All Forums > Hoops Dynasty Basketball > Hoops Dynasty > Why substitute someone in foul trouble?
4/15/2013 11:51 PM
This is the OP's response to the above:

"Well, KC, several well-known economists disagree with you. It is a rational argument based on maximizing output. There is much too much attention paid by coaches and sports commentators to what happened on the last possession of a game, ignoring that that possession was worth no more/fewer potential points than other possessions. Your "close ending" isn't any more important than the close beginning.

Coaches, like people, have all kinds of cognitive biases keeping them from doing rational things. Read Kahmeman's Thinking Fast and Slow for a ton of examples. Romer showed (using a ton of NFL data) that teams should go for it on 4th down much more often than they do-- but coaches still don't. Even ones like Belichik who have read Romer's work."
4/15/2013 11:59 PM
kc stated OP's post was "utter nonsense" and "didn't even merit discussion."

OP pointed out that several economists disagree with kc, and then summarized that disagreement, including recommendations for reading if kc would like to understand further from whence he comes.

One guy got angry. The other calmly defended himself. Maybe it got uglier later -- I lose interest when people get attacked for making perfectly reasonable statements. All I saw was a lot of shouting about putting 4 centers on the court at once. Wouldn't that be stupid?!?! And so on.

Maybe the OP became frustrated that rather than answer his question, people started jumping on how stupid he was to ask that question since his question was so obviously "utter nonsense" and "didn't even merit discussion." Even though, of course, it wasn't , and did.

Mission accomplished.
4/16/2013 12:06 AM
Welcome to the world of adult conversation, Jeff. The fact I criticized the guy's theory didn't make me "angry" at him. You'll understand when you're older.
4/16/2013 12:12 AM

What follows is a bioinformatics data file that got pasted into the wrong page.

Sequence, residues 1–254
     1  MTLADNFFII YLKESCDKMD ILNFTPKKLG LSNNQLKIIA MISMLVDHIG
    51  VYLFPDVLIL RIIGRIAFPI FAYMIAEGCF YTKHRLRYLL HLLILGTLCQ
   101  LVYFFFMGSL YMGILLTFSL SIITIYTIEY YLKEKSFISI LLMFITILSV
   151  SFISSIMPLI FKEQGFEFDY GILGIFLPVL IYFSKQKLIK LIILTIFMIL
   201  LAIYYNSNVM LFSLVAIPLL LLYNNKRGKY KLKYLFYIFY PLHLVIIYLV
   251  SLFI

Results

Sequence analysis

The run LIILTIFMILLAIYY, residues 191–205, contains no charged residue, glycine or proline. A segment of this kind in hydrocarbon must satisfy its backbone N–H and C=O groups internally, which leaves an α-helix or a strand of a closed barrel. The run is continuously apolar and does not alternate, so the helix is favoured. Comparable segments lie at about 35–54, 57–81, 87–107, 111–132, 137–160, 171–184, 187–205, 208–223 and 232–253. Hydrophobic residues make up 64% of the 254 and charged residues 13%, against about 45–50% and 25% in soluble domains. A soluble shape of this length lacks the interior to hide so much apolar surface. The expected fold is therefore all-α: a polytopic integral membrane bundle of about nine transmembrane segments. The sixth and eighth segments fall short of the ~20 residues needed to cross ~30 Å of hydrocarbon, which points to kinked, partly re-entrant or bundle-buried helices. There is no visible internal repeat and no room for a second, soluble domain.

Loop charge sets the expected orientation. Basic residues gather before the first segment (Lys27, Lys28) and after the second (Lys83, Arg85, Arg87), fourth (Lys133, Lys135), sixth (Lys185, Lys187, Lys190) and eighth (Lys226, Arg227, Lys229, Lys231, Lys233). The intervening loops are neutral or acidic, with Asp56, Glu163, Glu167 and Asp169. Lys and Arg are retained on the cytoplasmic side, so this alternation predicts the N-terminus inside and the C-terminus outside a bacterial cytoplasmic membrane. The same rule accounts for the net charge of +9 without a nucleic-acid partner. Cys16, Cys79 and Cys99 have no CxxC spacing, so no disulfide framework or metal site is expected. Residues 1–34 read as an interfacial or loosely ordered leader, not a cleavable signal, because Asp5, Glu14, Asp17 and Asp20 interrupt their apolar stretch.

Posted by kcsundevil on 4/16/2013 12:06:00 AM (view original):
Welcome to the world of adult conversation, Jeff. The fact I criticized the guy's theory didn't make me "angry" at him. You'll understand when you're older.
Wow. Not sure why people are calling out the OP's supposed arrogance rather than this guy's. He's had a closed-minded approach from the beginning, and I'm not really sure why because this is a topic worth discussing. 

Kudos to Jeff for calling it out. (And jetwildcat earlier.)  
4/16/2013 12:16 AM
Posted by pepwaves on 4/16/2013 12:13:00 AM (view original):
Posted by kcsundevil on 4/16/2013 12:06:00 AM (view original):
Welcome to the world of adult conversation, Jeff. The fact I criticized the guy's theory didn't make me "angry" at him. You'll understand when you're older.
Wow. Not sure why people are calling out the OP's supposed arrogance rather than this guy's. He's had a closed-minded approach from the beginning, and I'm not really sure why because this is a topic worth discussing. 

Kudos to Jeff for calling it out. (And jetwildcat earlier.)  
If my observation that nobody in real life follows the OP's strategy is "arrogant," I'm OK with that.

I don't get why people are taking this so personally. What a strange community. You all may continue the conversation without me.
4/16/2013 12:32 AM
kc- My guess is that you are just playing dumb as to why someone would take your comments personally. But, I'll enlighten you nonetheless. 

Saying something like, "you'll understand when you're older" is obviously intended to belittle. I doubt Jeff took is personally considering he has no relationship with you, but it also wouldn't be unreasonable if he did.